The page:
Dr. Lyons has served in ten editorial positions, including a long-standing affiliation with Geochimica et Cosmochimica Acta, and on advisory boards with the American Geophysical Union and Cambridge University Press. He received a B.S. with honors in geological engineering from the Colorado School of Mines, an M.S. in geology from the University of Arizona, and an M.Phil. and Ph.D. in geology/geochemistry from Yale University, followed by postdoctoral research at the University of Michigan.
Fossil embryos represent extraordinary preservation that needs biological as well as geological explanations. We are investigating the biology of the process of stabilization and preservation of soft tissues required for potential fossilization, using large marine embryos as a model (400 µm diameter embryos of the sea urchin Heliocidaris erythrogramma). We discovered that two key events are required. The first step is stabilization of the embryo by immediate post-death inhibition of autolysis, the process in which cell cytoplasm is degraded by release of intracellular lytic enzymes. The second step involves unexpected and remarkable microbiological processes. Although many bacteria destroy soft tissue, we have found that some bacteria can actually preserve soft tissue by generating a pseudomorph, a dense three-dimensional bacterial biofilm in which the bacteria consume but replace the tissue. Bacterial pseudomorphs are stable replicas of the embryos – like sculptures of the original embryo constructed from bacteria. We are investigating the mechanisms of blocking autolysis in taphonomically feasible environments, and the actions and ecology of diverse microbial players whose interactions lead to preservation or destruction of stabilized tissue. We are identifying and isolating bacterial species that are potential pseudomorphers of dead embryos from several different kinds of natural environments.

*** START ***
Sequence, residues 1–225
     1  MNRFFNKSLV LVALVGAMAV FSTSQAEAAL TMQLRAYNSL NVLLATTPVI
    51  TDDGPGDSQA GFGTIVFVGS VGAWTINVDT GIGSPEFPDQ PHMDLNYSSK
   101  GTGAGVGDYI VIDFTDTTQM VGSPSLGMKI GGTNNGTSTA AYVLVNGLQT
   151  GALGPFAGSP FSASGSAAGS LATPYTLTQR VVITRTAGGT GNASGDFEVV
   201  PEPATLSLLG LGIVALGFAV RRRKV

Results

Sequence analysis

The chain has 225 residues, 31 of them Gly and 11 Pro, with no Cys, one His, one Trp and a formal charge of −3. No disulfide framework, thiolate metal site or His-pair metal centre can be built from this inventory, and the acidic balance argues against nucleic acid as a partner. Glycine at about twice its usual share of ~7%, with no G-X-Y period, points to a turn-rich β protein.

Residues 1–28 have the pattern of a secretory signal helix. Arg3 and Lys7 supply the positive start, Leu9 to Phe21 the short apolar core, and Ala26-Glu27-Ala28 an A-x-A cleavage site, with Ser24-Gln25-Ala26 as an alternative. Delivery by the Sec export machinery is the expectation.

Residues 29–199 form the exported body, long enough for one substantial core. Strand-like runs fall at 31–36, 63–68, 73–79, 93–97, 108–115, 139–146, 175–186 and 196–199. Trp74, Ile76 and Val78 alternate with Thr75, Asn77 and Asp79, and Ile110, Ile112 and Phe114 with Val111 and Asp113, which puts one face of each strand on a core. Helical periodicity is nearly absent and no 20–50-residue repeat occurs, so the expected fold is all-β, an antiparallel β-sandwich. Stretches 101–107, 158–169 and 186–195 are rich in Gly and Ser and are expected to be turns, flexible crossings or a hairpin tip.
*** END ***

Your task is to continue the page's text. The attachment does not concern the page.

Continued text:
Autolysis-inhibited embryos that have been preserved by formation of bacterial pseudomorphs. Left, cross section of a pseudomorph of an 8 cell embryo, showing the packed bacterial biofilm that has replaced the tissue; right, external view of a pseudomorph of a 2 cell embryo, together with a view of the surface biofilm.
[Fig 4A-C from Raff, R. A. and Raff, E. C. The role of biology in the fossilization of embryos and other soft-bodied organisms: Microbial biofilms and Lagerstätten. 2014. In “Reading and Writing of the Fossil Record: Preservational Pathways to Exceptional Fossilization” (M. Laflamme, J. Schiffbauer, and S. Darroch, eds.), The Paleontological Society Papers V. 20, pp 83-100.]